Conservation Council of New Brunswick believes the future of all life depends on bringing human activity in balance with ecological limits.
Conservation Council of New Brunswick is a non-profit organization that creates awareness of environmental problems and advances practical solutions through research, education and interventions.
The idea for a provincial environmental organization for New Brunswick was first proposed in January 1969 at the annual meeting of the New Brunswick Institute of Agrology by soil scientist Kenneth Langmaid. With a $50 grant from the institute, Ken joined with a group of other scientists, writers, and journalists to found the Conservation Council of New Brunswick on October 18, 1969. Kenneth Langmaid served as our first president. The original provisional directors included Robert Strang, Gerald Shaw, and Austin Squires.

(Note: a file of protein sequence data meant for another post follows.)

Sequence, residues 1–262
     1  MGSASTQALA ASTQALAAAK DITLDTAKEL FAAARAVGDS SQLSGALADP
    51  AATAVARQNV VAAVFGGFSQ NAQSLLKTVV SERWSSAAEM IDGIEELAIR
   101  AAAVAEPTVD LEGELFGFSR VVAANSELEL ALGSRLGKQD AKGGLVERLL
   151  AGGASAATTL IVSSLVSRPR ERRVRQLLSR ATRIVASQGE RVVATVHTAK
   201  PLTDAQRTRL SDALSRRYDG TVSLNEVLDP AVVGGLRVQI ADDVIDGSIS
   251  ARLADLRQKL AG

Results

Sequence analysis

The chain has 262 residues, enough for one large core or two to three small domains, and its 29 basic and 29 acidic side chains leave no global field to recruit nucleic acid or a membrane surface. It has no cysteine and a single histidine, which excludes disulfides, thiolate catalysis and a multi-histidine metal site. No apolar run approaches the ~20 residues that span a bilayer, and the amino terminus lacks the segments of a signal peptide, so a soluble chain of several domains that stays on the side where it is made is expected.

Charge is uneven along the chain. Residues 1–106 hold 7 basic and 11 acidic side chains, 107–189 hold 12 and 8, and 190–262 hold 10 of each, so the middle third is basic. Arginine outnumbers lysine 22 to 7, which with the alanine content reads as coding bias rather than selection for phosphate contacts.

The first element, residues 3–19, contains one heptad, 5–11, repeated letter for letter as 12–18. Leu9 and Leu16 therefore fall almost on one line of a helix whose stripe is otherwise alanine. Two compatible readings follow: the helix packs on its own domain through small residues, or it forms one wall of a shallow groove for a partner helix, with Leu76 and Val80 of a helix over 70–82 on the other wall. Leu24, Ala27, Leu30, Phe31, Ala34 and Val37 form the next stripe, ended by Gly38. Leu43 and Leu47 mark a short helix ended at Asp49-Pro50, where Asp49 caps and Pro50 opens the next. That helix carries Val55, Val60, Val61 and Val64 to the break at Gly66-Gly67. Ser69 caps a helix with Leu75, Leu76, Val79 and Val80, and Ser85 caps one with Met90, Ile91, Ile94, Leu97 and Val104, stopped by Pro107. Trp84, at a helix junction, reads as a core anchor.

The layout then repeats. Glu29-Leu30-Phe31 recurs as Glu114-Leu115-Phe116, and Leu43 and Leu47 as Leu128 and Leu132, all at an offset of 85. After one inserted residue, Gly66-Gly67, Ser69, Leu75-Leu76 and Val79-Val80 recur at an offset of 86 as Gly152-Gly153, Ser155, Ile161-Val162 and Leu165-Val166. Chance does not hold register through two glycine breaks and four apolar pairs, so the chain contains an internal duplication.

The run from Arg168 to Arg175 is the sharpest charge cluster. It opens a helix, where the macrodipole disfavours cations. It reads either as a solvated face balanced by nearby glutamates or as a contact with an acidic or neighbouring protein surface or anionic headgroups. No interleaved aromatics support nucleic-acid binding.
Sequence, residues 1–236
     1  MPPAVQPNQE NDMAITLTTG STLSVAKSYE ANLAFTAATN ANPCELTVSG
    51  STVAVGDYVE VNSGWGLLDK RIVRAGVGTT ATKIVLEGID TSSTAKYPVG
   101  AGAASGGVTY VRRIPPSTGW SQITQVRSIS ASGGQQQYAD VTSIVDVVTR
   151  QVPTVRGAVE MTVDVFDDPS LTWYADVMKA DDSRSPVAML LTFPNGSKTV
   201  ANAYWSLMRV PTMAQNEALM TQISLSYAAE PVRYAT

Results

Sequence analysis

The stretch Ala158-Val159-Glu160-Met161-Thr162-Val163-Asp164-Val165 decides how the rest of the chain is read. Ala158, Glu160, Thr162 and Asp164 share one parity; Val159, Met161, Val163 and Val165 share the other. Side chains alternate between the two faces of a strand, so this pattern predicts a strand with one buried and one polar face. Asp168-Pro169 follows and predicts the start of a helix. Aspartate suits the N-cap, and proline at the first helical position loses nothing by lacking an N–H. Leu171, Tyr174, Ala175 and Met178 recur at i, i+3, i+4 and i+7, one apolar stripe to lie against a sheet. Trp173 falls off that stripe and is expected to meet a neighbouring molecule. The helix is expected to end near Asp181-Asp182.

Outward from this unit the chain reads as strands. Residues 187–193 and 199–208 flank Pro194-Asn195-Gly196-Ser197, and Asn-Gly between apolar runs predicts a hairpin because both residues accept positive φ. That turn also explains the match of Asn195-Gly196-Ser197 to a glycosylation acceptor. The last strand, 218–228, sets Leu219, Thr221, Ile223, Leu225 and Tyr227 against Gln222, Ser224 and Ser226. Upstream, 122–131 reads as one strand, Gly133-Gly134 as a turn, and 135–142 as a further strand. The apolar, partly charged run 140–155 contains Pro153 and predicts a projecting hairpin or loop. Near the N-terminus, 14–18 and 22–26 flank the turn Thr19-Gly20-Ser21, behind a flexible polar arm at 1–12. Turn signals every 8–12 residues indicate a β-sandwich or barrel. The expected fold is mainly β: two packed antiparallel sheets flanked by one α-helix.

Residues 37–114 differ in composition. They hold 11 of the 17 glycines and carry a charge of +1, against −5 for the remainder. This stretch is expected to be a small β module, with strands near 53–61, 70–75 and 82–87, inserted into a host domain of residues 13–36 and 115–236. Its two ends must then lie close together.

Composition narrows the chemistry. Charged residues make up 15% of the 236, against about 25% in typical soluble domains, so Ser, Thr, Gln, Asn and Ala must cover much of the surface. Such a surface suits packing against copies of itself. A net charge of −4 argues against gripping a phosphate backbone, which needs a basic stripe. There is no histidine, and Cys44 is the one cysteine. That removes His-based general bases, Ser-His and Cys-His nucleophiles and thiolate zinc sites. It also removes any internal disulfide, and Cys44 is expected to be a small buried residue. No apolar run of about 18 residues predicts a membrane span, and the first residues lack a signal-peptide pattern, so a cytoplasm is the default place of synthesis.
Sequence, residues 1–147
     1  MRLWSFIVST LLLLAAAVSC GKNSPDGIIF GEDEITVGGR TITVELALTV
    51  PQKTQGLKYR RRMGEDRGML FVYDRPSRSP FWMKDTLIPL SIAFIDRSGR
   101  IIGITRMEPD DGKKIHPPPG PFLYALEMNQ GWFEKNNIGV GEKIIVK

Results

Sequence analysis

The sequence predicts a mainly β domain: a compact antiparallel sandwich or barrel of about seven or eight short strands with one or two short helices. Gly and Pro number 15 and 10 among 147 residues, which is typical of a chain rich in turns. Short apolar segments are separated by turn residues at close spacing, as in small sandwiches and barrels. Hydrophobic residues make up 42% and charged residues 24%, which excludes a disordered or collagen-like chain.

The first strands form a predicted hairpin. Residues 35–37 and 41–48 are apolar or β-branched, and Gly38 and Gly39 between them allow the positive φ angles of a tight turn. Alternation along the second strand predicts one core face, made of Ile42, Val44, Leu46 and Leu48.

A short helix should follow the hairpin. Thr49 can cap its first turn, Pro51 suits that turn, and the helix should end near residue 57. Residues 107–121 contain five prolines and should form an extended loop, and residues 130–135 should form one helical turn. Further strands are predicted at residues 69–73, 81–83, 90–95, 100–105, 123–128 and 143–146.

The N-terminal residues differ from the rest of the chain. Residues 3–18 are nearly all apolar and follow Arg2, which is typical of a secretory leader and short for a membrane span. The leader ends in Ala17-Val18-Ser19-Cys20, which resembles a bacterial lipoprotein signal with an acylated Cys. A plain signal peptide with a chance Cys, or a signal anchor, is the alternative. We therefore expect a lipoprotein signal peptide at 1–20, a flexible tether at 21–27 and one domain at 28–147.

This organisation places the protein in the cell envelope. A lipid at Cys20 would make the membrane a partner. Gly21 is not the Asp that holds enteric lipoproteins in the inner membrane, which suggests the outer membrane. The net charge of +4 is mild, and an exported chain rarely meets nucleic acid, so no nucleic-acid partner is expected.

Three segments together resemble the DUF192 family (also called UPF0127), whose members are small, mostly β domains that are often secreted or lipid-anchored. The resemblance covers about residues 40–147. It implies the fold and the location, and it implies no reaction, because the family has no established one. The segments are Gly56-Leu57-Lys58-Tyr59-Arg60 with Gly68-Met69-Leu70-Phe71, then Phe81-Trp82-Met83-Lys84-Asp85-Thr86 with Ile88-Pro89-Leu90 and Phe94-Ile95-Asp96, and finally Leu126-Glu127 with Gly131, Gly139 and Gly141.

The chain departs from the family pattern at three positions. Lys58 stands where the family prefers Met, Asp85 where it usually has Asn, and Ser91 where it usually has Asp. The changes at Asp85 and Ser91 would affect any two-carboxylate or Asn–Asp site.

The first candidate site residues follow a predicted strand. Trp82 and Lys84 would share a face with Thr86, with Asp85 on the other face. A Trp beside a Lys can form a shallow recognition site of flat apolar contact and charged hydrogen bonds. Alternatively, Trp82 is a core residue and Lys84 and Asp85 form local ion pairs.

In 1979, the Conservation Council hired its first Executive Director, Dana Silk. Dana was succeeded by Janice Harvey in 1983. In 1985, David Coon joined Janice to serve as Policy Director. By 1990, the organization had grown such that it was organizing its work into programs, beginning with its Marine Conservation Program. Sustainable Agriculture and Environmental Health Programs were added in the mid-1990?s. These were followed by the establishment of Forest Conservation, Climate Action, Health Watch Programs, and most recently, Buy Local NB, Freshwater Protection, and Learning Outside.
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